In 1895 the first film exhibited to a paying audience featured two dogs: Employees Leaving the Lumière Factory a.k.a. La Sortie des usines Lumière (1895). It wasn’t until ten years later that a dog starred in a his own short. Rescued by Rover (1905) was a sensation in Great Britain and the idea of a dog playing a dramatic role in motion pictures was born.

Years later, movie dogs began appearing regularly in short films from New York, then Hollywood. Throughout the 1910s Hollywood dogs were mostly comedic players, from Keystone Teddy to Luke and Brownie. The legendary Charlie Chaplin was one of many stars to recognize the tremendous comic potential of dogs on screen.

This piece from The Champion (1915), by LaurasMuse, shows Chaplin with Bulldog sidekick in one of his early dog films. The Champion was later overshadowed by A Dog's Life (1918) as a true dog centered comedy, juxtaposing a stray dog’s life with that of a human tramp. The Gold Rush (1925) features more comic canines adding laughs throughout the script.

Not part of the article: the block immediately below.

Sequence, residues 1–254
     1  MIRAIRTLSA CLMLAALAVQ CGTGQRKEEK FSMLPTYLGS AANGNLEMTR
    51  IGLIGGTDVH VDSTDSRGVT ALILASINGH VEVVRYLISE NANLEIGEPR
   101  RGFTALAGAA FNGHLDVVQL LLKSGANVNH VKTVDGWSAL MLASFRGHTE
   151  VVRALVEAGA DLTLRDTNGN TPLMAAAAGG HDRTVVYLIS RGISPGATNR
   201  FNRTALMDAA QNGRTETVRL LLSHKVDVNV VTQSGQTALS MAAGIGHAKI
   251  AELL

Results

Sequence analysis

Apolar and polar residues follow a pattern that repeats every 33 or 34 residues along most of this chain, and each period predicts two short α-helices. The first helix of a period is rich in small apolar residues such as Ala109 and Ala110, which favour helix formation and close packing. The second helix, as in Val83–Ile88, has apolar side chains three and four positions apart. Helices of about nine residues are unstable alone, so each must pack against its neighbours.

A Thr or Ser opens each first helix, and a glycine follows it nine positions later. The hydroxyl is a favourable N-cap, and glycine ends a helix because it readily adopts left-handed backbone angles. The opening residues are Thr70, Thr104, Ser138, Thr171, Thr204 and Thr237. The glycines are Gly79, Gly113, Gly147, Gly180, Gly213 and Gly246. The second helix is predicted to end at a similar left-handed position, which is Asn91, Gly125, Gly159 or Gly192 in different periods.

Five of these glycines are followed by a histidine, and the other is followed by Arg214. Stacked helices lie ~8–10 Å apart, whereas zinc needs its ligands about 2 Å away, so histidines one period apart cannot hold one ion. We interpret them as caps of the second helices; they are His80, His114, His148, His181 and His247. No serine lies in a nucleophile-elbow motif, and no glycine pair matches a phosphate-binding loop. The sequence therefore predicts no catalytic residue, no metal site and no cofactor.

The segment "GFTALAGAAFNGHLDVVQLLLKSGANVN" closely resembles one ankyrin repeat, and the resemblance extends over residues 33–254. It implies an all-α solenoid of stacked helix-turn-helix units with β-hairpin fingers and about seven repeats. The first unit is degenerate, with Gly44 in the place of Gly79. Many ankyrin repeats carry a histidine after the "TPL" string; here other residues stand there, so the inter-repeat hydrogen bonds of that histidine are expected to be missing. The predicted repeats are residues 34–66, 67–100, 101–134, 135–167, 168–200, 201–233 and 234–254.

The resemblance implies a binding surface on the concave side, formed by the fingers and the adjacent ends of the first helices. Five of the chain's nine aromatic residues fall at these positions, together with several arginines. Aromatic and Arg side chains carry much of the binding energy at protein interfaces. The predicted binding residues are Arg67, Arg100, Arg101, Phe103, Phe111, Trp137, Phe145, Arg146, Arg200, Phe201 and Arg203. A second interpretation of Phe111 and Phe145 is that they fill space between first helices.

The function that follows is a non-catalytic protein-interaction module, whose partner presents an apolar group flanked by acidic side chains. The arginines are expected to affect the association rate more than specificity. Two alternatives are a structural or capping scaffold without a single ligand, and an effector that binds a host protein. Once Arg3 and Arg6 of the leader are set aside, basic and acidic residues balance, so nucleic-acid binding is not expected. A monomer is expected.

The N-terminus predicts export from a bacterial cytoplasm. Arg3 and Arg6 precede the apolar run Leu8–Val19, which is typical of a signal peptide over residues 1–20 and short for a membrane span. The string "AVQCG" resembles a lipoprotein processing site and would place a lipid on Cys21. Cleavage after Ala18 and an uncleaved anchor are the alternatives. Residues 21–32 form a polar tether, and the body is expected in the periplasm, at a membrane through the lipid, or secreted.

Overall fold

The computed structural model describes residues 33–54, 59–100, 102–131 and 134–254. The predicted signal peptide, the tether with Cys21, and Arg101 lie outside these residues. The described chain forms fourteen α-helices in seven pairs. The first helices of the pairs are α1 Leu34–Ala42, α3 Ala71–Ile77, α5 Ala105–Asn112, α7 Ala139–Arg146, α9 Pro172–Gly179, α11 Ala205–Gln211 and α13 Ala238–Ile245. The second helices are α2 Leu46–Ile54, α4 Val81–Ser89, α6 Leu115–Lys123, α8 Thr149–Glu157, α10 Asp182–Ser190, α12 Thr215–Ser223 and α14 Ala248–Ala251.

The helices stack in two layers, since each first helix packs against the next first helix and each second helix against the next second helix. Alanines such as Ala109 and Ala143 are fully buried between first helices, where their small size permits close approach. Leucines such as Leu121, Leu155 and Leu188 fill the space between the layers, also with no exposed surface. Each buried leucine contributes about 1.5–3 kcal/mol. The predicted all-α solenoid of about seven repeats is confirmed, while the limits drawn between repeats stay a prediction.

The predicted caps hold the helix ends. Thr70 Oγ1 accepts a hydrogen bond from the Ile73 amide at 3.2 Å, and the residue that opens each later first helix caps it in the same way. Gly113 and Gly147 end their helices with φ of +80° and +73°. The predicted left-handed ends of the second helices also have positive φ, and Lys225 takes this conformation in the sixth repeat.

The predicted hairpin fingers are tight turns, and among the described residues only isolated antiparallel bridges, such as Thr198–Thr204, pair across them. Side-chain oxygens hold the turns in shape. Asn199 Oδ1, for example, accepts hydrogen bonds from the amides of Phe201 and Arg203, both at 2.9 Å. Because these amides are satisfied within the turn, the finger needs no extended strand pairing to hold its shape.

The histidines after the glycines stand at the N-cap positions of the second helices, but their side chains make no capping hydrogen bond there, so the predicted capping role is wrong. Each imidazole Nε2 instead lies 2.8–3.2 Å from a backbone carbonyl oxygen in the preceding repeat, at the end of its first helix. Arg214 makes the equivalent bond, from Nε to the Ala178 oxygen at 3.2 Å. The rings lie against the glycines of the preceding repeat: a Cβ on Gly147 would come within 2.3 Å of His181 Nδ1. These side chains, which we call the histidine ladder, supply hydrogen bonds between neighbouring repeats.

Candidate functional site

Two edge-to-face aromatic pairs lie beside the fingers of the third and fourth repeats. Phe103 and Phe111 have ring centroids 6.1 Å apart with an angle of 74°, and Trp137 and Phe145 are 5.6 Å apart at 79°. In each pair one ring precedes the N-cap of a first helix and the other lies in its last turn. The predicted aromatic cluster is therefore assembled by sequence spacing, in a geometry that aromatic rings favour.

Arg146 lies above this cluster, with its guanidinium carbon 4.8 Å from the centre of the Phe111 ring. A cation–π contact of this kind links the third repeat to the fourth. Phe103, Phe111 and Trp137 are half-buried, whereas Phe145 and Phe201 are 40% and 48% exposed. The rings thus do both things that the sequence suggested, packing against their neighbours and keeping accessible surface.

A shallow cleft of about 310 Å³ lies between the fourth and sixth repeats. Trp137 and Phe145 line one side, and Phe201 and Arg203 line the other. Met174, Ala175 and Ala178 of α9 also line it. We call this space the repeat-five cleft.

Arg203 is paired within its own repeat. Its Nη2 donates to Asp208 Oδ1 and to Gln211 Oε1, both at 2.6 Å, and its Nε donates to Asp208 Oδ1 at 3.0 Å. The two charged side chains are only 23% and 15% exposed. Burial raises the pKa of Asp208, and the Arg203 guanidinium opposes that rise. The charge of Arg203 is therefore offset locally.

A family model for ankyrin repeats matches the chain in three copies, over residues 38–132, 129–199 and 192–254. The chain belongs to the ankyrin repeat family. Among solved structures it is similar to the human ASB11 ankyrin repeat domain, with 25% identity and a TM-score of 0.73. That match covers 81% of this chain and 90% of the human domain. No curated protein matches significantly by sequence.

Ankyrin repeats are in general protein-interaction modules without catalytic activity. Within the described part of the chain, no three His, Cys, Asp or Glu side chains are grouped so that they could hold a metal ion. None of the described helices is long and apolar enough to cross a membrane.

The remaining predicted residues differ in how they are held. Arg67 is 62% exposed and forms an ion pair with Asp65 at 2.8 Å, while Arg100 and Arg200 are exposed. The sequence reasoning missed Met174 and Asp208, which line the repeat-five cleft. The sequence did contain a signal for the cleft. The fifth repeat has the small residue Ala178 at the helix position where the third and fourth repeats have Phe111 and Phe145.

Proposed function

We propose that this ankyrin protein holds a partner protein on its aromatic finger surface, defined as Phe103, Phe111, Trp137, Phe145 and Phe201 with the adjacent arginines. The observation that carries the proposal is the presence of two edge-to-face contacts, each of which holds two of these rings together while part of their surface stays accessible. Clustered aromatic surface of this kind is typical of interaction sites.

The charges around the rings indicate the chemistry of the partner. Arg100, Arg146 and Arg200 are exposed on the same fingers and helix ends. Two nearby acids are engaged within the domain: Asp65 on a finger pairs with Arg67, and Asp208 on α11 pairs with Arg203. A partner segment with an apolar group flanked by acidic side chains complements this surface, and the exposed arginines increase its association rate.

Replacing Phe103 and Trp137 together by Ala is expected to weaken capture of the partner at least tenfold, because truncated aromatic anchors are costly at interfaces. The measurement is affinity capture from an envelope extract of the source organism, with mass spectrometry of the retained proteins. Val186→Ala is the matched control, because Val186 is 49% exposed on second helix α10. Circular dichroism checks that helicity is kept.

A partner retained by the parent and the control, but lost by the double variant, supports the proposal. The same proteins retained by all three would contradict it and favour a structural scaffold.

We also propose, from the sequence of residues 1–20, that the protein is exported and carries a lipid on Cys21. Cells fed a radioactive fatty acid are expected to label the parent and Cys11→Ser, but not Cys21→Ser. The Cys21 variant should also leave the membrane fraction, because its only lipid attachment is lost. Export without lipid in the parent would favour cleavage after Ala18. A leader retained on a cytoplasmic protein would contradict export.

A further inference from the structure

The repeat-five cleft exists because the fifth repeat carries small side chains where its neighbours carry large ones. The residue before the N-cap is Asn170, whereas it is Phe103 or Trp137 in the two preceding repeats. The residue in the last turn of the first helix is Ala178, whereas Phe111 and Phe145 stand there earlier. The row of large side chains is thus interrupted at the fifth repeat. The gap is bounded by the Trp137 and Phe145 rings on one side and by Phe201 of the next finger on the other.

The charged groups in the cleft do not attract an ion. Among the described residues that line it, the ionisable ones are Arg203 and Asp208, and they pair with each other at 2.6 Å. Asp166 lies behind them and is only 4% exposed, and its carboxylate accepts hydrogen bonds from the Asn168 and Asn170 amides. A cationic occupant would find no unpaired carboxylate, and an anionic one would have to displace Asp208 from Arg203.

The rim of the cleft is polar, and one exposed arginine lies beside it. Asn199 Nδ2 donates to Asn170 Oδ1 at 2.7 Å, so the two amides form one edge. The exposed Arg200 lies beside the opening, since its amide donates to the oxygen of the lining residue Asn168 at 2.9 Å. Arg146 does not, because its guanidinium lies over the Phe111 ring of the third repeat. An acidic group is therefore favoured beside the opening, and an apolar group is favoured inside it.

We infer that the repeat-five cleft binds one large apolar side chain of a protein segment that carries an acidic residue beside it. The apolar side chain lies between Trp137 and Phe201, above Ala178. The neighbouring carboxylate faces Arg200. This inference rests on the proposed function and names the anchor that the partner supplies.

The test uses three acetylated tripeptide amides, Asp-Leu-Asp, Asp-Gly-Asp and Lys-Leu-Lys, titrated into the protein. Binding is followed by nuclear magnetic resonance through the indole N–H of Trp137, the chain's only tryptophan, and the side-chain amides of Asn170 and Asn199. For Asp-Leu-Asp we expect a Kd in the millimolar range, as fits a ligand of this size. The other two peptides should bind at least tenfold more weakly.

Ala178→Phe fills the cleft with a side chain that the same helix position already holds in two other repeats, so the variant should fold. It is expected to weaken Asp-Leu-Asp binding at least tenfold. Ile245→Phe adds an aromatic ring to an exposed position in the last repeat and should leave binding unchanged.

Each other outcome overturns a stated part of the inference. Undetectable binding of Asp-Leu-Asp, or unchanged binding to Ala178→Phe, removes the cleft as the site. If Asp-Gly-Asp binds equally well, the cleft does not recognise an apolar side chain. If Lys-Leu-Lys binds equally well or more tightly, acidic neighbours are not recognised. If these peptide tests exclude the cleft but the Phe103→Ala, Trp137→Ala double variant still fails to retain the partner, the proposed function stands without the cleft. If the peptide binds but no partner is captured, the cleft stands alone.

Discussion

Strongheart was largely responsible for recasting Reel Dogs as dramatic players in the 1920s: heroes of the silver screen who rescued women and children, drove away bad guys, and were wrongly accused of something or other (often sheep killing) in every single film. This portrait sketch of Strongheart is by amberchrome. You can see Strongheart today in one surviving film from the era: The Return of Boston Blackie (1927).

After Strongheart and Rin-Tin-Tin paved the way for feature films wholly centered around canine characters, dog hero wannabes popped up in nearly every studio. Many did become well known and by the 1930s there were dozens of A- and B-list dog stars and their equally famed trainers.